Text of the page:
My heart was filled with joy and love at seeing their happiness. These three people have been given a chance to start a new life in an amazing country. Cynthia and I did our little bit in this process, but I feel that our reward has been so much more.

Thanks be to God!


‘Bye for now and God bless.

Israel and Jordan: October 2018

I was privileged to travel to Israel and Jordan with Ben, Josée and a group of friends. We were about 30 in total and the whole trip was organized by more friends, Ron and Judy Hamm, in conjunction with Immanuel Tours of Jerusalem. Our trip began on Oct. 06 and we came home Oct. 26. We were actually on the tour  from Oct. 12 to 25. Our trip would take us north from Tel Aviv through Caesarea on the coast north to the Golan heights. From there we turned south and traveled through the West Bank to Jerusalem. After Jerusalem we journeyed as far south as we could go to Eilat on the Gulf of Aqaba and crossed the border into Jordan. We then went north through Wadi Rum to Petra and on to the Dead Sea. After the Dead Sea the trip took us as far north as Jerash in Jordan. We then came back south to Amman and departed for home from Amman via London.


Starting the trip we flew to London and had little time before going on so we visited Windsor and saw the castle.

At Windsor Castle.

We flew from London to Tel Aviv via Zurich, Switzerland and the company, Immanuel Tours, picked us up at the airport to take us to our hotel. We arrived a few days before most of the group so we looked around on our own.

Arrival at Tel Aviv

View across Tel Aviv from our hotel room.

We visited the markets in Tel Aviv and Ben and Josée even walked down the coast to Joppa and back.

Spice merchant in the market at Tel Aviv

On Oct. 12th the tour began and took us to the site of Caesarea Maritima farther north on the coast from Tel Aviv. There we saw the site of Pontius Pilate’s coastal villa and many other Roman ruins including the amphitheatre.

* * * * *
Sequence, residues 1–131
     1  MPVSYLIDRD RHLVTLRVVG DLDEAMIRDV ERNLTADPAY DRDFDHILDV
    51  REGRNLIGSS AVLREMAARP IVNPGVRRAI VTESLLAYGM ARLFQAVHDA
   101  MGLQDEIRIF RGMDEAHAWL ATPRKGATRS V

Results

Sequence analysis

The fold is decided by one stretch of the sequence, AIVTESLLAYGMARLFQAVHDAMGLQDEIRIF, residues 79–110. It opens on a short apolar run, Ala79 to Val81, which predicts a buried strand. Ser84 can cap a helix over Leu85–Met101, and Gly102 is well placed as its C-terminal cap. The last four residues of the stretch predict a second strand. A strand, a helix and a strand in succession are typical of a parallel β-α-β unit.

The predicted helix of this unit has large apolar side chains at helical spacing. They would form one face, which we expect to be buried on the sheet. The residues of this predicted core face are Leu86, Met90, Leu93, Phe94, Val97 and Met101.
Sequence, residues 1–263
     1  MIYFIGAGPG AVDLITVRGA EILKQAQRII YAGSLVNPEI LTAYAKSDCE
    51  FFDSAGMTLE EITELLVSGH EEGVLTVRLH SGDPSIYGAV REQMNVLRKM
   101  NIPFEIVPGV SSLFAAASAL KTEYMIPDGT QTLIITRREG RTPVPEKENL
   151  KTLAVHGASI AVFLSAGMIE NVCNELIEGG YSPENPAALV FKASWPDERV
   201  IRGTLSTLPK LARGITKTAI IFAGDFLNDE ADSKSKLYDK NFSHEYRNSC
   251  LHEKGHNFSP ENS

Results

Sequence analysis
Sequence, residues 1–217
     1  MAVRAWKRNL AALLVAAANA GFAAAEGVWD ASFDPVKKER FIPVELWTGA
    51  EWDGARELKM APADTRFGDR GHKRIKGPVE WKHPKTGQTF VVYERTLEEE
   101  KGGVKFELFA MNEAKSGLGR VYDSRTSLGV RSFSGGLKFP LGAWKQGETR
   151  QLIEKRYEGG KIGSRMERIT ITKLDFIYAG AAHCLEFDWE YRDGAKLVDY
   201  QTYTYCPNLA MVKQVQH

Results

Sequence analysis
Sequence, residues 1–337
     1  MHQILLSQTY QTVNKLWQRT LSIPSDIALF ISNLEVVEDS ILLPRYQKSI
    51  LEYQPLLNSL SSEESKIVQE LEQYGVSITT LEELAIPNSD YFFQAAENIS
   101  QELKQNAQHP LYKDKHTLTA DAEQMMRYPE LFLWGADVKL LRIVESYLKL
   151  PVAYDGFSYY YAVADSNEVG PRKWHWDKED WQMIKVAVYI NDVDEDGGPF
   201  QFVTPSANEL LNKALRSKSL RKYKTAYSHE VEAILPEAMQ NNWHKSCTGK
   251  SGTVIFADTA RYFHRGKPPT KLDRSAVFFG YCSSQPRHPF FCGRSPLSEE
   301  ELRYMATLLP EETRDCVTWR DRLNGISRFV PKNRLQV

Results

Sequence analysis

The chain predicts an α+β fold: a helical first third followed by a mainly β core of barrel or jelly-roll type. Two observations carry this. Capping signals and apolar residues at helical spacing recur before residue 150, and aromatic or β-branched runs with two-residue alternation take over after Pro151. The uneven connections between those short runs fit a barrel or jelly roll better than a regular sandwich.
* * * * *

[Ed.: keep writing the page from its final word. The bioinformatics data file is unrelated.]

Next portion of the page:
The governor’s villa at Caesarea Maritima

The Amphitheatre at Caesarea Maritima

We visited northern Israel, the towns of Capernaum and Caesarea Philippi and saw outposts on the Golan Heights. We stayed at a kibbutz on the shores of the Sea of Galilee. We took a ride on a Gospel Boat out on the Sea of Galilee and saw so much more. We walked in the places where Jesus walked over 2000 years ago. At one point four other members of the tour and I were able to renew our baptismal vows in the River Jordan. Pastor Ted and friend Dan did the honours.

Entering the historical ruins at Capernaum

The Synagogue at Capernaum

On the Gospel Boat

Outpost at the Golan Heights

Entering the Church of the Annunciation at Nazareth

The kibbutz at Ein Gev on the eastern shore of the Sea of Galilee

Leaving the baptismal site with Pastor Ted on my left and friend Dan.

En route to Jerusalem we stopped at Abraham’s place where camel rides were available. We walked down through the Garden of Gethsemane, saw sights in Jerusalem, visited the old city and saw a light and sound spectacular at the citadel of David.

Hip problems stopped me riding

Josée braved a ride

Ben and Josée with the Dome of the Rock in the right rear.

Walking down to the city via the Garden of Gethsemane

Our entry into Jerusalem through the Lions’ Gate.

After a few days in Jerusalem we motored south to Eilat, the southernmost town in Israel, on the Gulf of Aqaba. We had one night there before crossing the Jordanian border and heading to Petra, Masada, Qumran to see the Dead Sea Scrolls and on to the Dead Sea itself.

Eilat on the Gulf of Aqaba at the Red Sea. Most southerly town in Israel I believe.

Crossing the border into Jordan on foot.

Red Dunes at Wadi Rum. We had a two hour jeep ride into the desert.

Spectacular scenery at Wadi Rum.

Transport is available through Al Siq (the snake) at Petra

The Treasury at Petra behind Ben and Josée

After Petra we traveled to the site of Masada which was one of the other main attractions of the tour for me. The story of Masada is amazing. I won’t share it all here as it would take too long, but it is a story worth reading. The siege of Masada was one of the final events in the First Jewish–Roman War, occurring from 73 to 74 CE on and around a large hilltop in current-day Israel. The siege was chronicled by Flavius Josephus, a Jewish rebel leader captured by the Romans, in whose service he became a historian. You can read more here

The view from the top at Masada looking back to the plains below.

Ben exploring the ruins atop Masada.

The Roman built siege ramp which led to the top of Masada

Josée (right) and Debbie enjoy a mud bath at the Dead Sea.

There is so much more I could tell you about this trip. Suffice to say it was so well organized by Ron and Judy working with the company. Immanuel tours treated us marvellously for the accommodation, food and transport were all great.

If you’d like to see many more pictures of the wonderful places we visited, click here. Each slide you see is titled at the lower left corner. Enjoy and God bless!